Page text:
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What Is The Path To Purchase?

Every organization should know how their customers make their decisions to buy (or not to buy). Your goal is to move people along the path, from one step to the next, until your customers are happy with their purchases. To do this, you need to know how they got to the checkout and what influenced their decisions to make a purchase.

Below we briefly describe the five steps along the path to purchase (also known as the consumer decision-making process). For a more comprehensive explanation, please read our tutorial: How Your Customers Decide To Buy.

Path To Purchase (consumer decision-making process):


1. Problem Recognition
At this stage, the consumer recognizes the need (or desire) for a particular product or service but has not yet decided to make a purchase. It can be difficult for the consumer to draw the line between a “need” and a “desire”. For example, one could argue that we need a toothbrush but that an electric toothbrush is a product of desire, despite its added health benefits.

2. Information Search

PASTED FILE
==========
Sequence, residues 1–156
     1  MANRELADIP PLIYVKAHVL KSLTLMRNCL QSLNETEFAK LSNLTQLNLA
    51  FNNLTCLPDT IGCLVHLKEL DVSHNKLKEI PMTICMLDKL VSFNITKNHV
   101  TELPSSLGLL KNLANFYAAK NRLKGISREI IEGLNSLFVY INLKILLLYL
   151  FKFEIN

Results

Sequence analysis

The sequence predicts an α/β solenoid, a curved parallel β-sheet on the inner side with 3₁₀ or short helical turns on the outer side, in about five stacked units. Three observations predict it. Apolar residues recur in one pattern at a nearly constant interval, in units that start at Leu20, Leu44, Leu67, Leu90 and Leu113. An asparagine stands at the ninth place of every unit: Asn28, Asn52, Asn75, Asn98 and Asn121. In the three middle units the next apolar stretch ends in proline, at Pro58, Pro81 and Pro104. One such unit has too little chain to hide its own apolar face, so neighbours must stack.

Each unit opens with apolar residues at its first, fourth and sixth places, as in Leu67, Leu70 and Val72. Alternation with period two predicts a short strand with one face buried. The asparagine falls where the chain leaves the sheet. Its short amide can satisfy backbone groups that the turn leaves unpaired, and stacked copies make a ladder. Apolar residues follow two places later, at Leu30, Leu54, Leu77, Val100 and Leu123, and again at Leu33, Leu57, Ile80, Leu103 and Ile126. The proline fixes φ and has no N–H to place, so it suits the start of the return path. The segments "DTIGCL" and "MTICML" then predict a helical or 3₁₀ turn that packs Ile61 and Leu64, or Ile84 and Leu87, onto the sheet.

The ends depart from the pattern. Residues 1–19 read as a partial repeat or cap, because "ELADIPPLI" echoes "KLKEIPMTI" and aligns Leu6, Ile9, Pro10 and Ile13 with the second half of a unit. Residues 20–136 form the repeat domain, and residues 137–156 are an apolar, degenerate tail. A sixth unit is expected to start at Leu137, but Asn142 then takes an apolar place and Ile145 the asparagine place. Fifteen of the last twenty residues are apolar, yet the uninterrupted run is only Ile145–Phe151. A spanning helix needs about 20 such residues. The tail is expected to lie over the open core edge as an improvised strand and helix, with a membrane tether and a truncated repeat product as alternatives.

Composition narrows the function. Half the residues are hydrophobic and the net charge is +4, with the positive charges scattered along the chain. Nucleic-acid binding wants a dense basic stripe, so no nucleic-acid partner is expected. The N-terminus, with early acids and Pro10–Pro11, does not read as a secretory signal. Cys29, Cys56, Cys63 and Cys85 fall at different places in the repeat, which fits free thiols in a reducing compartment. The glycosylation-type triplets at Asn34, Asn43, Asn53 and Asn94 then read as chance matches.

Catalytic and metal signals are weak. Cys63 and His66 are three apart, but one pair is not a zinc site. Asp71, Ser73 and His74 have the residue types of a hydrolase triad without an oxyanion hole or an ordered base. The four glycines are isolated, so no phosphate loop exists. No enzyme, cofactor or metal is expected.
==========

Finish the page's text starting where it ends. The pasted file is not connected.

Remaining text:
Once the consumer acknowledges the need or desire to purchase a particular item, he or she will search for the information necessary to make a purchase decision. Basic, everyday items usually require an internal search to quickly scan internal memories and to recall previous product or brand experiences and perceptions. More complex purchases may also require an external search, such as input from friends and family, consumer ratings and reports, advertising, etc.

3. Alternative Evaluation
At this stage, the consumer decides whether or not to proceed towards a purchase decision. The consumer will also focus in on brands that match their needs or desires (i.e. based on an item’s appearance, features, prestige, quality, price, etc.).

4. Purchase Decision
Just because a consumer has reached a brand decision doesn’t mean he or she is ready to make a purchase. There are still two more decisions to be made – choosing the buying location and deciding when to buy.

5. Post-Purchase Behavior
This final stage of the path to purchase provides companies with an opportunity to influence future purchases. Did the consumer’s experience meet their expectations? What does their social circle have to say about their purchase? Of the 3 ways to make money in business, increasing revenue from your existing customers is the easiest and most profitable. Without repeat business from your existing customers, you are forced to continuously “refill the hopper” with new customers, which is a very costly and lengthy process.

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